When presented with the concept of accepting the experience of anxiety, many people respond by asking "Why would I want to accept these uncomfortable feelings?" This is the question that is addressed by the commitment part of acceptance and commitment therapy. The focus here is on clarifying the value of making room for anxiety in your life. How will this allow you to move on? What will the acceptance of anxiety allow you to do with your life?
For the people who successfully change their response to anxiety, the most important changes are not just that they wash their hands less, or that they no longer avoid driving or going to parties, but that they are more engaged with life, enjoy time with friends more, are more successful in their careers, and feel that they are better parents and spouses. ACT emphasizes the importance of clarifying your values to strengthen your commitment to acting in ways that are consistent with those values.
In this context, "values" refers to those qualities and experiences which add value to your life. What warrants the investment of your limited time, energy, and resources? Being clear about your values is especially important when two valued areas of your life are in conflict with one another. For example, suppose you experience a lot of anxiety when traveling. Perhaps you value the comfort that you experience when you are at home. If you are presented with the opportunity to take a trip with your family, it will be important to know which you value more: feeling comfortable at all times, or sharing fun times with your family. Clarity about your values in this situation will help when it comes to making a commitment to change.
While a value can point you in a particular direction, and values may even suggest specific goals, values and goals are not the same thing. People who pursue the same goal can do so because of different values. Consider several politicians running for the same office. They all share the common goal of getting elected, but does this mean they have the same values? One of them might have selected this goal based on the values of public service and making the world a better place. Does it follow that anyone pursuing the goal of election to public office shares these values?
This distinction between values and goals is important because sometimes we may do things in the service of a goal that actually move us away from a valued direction. Consider the single person who says that she values being married. Being married is a goal, not a value. A goal (like "married") is something you can get or not get, a value is something that you already have, that you can choose to listen to or not to listen to. The values behind the goal of getting married might include shared experiences, intimacy, and love. If the goal of marriage provides the direction rather than the values behind it, it is possible to end up married, but without shared experiences, intimacy, or love.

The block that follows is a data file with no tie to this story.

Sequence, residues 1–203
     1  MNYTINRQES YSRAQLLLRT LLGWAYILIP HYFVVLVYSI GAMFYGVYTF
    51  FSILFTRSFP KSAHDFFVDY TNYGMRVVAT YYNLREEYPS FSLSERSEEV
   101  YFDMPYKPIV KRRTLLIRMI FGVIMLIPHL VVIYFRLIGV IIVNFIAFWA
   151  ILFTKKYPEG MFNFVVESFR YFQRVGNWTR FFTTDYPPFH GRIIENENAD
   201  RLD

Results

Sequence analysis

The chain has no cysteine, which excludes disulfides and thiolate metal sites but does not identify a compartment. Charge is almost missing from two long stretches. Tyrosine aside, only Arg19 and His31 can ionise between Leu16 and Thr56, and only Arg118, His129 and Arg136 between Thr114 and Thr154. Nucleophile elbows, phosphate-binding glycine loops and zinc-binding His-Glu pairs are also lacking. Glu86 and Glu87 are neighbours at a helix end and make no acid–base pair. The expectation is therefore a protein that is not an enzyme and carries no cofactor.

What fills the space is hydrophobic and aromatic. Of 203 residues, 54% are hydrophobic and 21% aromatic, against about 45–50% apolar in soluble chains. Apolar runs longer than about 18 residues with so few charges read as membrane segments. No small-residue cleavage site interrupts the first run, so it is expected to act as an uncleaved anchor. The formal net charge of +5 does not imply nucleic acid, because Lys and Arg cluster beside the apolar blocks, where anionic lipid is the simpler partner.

Another problem with focusing on goals and losing sight of the values behind them has to do with what happens after we successfully obtain a goal. Many people experience a loss of life direction after reaching a major goal, accompanied by feelings of depression and disorientation. If the goal is the only thing driving our progress, once we have achieved the goal, progress stops. Unlike goals, values are directions, not destinations. Being mindful of the values that prompted you to set a goal can give you a sense of continuing progress and clarity about what comes next.
In addition to helping you to accept your anxious thoughts and feelings, ACT and the LLAMP approach help you to focus on why it is important for you to do so. Exercises like those presented in The Worry Trap can help you to clarify your values and to identify specific goals consistent with those values. Finally, this approach can help you to take action moving toward those goals, using all of the other tools you have learned to overcome barriers like anxious thoughts and feelings (this is "proceeding", the P of the LLAMP approach. As a place to start, complete this brief exercise from The Worry Trap: